Park Avenue Prince(2)

By: Louise Bay

“You can’t just eat peanut butter and jelly sandwiches now that you live here.”

I grinned, amused at how Angie could read my mind. “What, like there’s a rule? I like them.”

“You can’t still like them. You ate nothing but for two years.”

After I’d started working, I’d saved every penny I made. I’d begun with buying and selling everything from knock-off sneakers to small pieces of electrical equipment in the hours I wasn’t at the store. I’d since moved on to real estate. From my perspective, just because I could buy whatever I wanted didn’t mean I would. As far as I was concerned, there was no point in putting money into something that didn’t make money. So, no staff. And no more rent checks.

But all the PB&J I wanted.

“But now that you have a home, things can be different,” Angie said.

Home. Images of my childhood bedroom—before my parents died—flashed into my mind. It was the last time I’d ever thought of the place I slept as home. I spun, taking in the space. Would this place ever feel like home?

Angie ran her hands along the creamy gold wall opposite the windows. “Even this wallpaper feels like it cost a million bucks. You’re going to need to spend some money. I think Ikea stuff is going to look a little weird in this place. I don’t even know where you’d shop for things for a place like this.” She spun around, her arms out wide. “What are you going to do for furniture?”

“I have my couch being delivered tomorrow. And I bought a mattress and some kitchen stuff from Ikea. I’m done.”

I glanced at Angie when she didn’t say anything. “That disgusting couch you got on Craigslist a hundred years ago?” she asked, staring at me blankly. “You’re bringing it here?”

“Well, your husband wouldn’t help me move it, so no, I’m not bringing it here. It’s being delivered tomorrow morning.”

“Unbelievable.” Angie threw her hands in the air.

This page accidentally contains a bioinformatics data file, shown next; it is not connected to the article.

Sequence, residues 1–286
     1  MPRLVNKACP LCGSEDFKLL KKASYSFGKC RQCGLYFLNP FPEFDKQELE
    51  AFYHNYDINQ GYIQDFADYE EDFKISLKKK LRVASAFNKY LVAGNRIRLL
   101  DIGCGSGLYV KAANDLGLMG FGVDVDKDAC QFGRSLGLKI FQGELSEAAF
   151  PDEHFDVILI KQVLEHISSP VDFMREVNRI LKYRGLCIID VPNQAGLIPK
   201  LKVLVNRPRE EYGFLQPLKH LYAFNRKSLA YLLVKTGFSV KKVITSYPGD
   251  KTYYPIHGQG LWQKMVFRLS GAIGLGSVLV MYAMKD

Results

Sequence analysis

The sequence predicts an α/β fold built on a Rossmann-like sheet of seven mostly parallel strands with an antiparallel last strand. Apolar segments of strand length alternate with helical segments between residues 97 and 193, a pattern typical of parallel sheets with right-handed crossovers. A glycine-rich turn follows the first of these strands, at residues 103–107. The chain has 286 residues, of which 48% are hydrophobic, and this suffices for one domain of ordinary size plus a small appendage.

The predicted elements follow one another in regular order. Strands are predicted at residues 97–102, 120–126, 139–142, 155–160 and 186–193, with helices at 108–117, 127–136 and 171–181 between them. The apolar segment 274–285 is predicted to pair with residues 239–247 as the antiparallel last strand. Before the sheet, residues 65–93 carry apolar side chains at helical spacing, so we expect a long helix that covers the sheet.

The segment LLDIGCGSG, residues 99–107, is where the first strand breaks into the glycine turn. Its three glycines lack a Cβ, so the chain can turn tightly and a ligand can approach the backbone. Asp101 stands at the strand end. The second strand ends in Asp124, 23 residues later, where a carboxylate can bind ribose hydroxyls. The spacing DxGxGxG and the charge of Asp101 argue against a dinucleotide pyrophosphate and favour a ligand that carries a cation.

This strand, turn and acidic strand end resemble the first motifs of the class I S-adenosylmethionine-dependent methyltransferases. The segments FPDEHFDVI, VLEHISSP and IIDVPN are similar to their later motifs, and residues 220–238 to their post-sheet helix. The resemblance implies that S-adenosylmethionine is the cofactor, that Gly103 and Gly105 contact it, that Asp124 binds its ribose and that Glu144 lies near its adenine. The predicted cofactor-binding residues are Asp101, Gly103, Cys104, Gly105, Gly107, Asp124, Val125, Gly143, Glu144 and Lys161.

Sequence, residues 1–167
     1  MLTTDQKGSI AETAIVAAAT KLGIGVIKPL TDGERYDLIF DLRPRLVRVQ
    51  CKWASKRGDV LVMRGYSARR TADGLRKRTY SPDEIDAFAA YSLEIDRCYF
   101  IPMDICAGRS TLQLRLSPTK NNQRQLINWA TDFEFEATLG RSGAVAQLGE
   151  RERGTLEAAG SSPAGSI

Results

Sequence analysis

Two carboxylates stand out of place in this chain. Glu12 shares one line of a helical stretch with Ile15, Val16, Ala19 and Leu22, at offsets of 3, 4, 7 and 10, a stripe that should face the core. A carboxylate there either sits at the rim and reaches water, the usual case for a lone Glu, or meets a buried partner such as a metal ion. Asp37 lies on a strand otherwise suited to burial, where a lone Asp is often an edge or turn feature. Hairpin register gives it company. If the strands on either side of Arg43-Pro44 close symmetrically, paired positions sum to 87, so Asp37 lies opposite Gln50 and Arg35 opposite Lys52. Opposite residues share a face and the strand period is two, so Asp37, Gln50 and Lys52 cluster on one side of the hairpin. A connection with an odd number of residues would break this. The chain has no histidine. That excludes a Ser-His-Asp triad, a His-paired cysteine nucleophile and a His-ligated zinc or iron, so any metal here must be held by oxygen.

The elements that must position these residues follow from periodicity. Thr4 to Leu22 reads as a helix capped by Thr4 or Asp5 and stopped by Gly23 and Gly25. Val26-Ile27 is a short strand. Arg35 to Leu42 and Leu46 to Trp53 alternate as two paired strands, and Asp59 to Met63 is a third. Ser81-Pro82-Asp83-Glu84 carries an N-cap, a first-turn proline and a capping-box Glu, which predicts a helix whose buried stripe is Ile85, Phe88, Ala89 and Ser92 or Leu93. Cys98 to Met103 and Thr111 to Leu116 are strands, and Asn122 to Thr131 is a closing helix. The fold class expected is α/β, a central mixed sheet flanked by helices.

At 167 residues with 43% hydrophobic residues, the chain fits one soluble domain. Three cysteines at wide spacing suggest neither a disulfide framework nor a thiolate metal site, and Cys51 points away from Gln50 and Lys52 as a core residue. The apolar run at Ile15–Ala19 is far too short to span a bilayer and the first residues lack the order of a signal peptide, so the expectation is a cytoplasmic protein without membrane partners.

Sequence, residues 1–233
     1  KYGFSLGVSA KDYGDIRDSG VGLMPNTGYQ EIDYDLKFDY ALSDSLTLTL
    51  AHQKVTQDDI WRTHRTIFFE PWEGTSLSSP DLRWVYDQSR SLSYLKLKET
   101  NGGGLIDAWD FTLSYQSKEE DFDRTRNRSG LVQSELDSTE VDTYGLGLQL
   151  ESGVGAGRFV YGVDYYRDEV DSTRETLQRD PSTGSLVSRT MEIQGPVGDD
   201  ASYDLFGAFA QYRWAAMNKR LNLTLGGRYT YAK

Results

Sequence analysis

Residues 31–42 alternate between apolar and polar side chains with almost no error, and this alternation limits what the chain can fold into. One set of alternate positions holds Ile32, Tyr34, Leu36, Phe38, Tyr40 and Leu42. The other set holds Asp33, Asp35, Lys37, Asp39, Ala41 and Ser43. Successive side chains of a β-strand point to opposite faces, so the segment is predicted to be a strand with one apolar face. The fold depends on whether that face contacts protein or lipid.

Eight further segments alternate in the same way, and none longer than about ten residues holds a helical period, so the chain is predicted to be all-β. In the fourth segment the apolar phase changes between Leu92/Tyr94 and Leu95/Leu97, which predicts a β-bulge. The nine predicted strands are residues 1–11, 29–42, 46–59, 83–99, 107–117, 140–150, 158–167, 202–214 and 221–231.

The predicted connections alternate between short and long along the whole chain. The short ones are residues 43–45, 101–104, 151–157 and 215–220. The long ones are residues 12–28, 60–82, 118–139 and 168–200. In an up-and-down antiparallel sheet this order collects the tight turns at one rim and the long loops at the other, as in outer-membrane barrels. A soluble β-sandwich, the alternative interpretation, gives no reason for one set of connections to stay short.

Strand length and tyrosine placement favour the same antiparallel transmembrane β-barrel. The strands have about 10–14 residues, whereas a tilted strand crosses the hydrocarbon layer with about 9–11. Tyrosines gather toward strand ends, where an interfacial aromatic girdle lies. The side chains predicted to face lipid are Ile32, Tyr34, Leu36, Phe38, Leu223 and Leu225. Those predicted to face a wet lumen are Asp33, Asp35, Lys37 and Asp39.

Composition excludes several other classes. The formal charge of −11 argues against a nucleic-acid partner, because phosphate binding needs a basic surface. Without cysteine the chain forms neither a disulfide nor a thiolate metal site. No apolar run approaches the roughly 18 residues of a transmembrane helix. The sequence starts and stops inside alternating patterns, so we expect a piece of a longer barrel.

“What?” I could tell she was about to lose her shit, but I didn’t know why.

“This place must have cost you ten million.”

She was out by eight figures, but I wasn’t about to tell her that and make myself sound like a total douchebag. “And you’re buying an Ikea bed and having a fifty-year-old Craigslist sofa delivered? What the fuck?”

Angie was always telling me to enjoy my wealth, and I did . . . kinda. I just didn’t need expensive stuff.

“Furniture doesn’t make me money. This place is an investment—one I can live in so I don’t have to pay rent.” I shrugged. I wasn’t being entirely honest. I could rent this place out and live somewhere a lot smaller, but there was something about that tile in the kitchen, about the way the sun came through the huge living room windows in the afternoon, something about the sheer amount of space that made me want to stay. It was almost as if living here would lead to something better, something happier.

Angie had her hands on her hips. “Seriously, you need some stuff. Like vases. Or pillows. Something to make the place . . .”

“If it makes you feel any better, I’ve hired an art consultant and we’re going to a gallery this evening.”

Angie scrunched up her face. “A what consultant?”

“Someone who’s going to find some pictures for the walls.” I nodded once as if I’d just presented her with a royal flush in poker. She couldn’t complain about that.

“Because art is an investment, right?” She rolled her eyes.

“So?” I shrugged. “Doesn’t mean it won’t look nice.”

“I think it’s a good idea, but you can’t just sit on your beat-up sofa in this huge apartment with expensive art on the walls. If you’re going to do it, go for it.”

“I don’t care if it looks weird.” Angie was being a little hypocritical. She was notoriously careful with her paycheck. “Surely all that matters is that I have what I need.”

“Need? You don’t need an apartment on Park Avenue or five bedrooms or two kitchens. But that’s okay. All I’m saying is relax a little.” She pushed me out of the way and I followed her into the kitchen where she began opening and closing cupboard doors. “You’ve earned it. You don’t have to be overly indulgent, but get some things that will make your life more comfortable. This is New York fucking City. If such a thing as an art consultant exists, there must be someone who buys furniture for rich dudes like you.”

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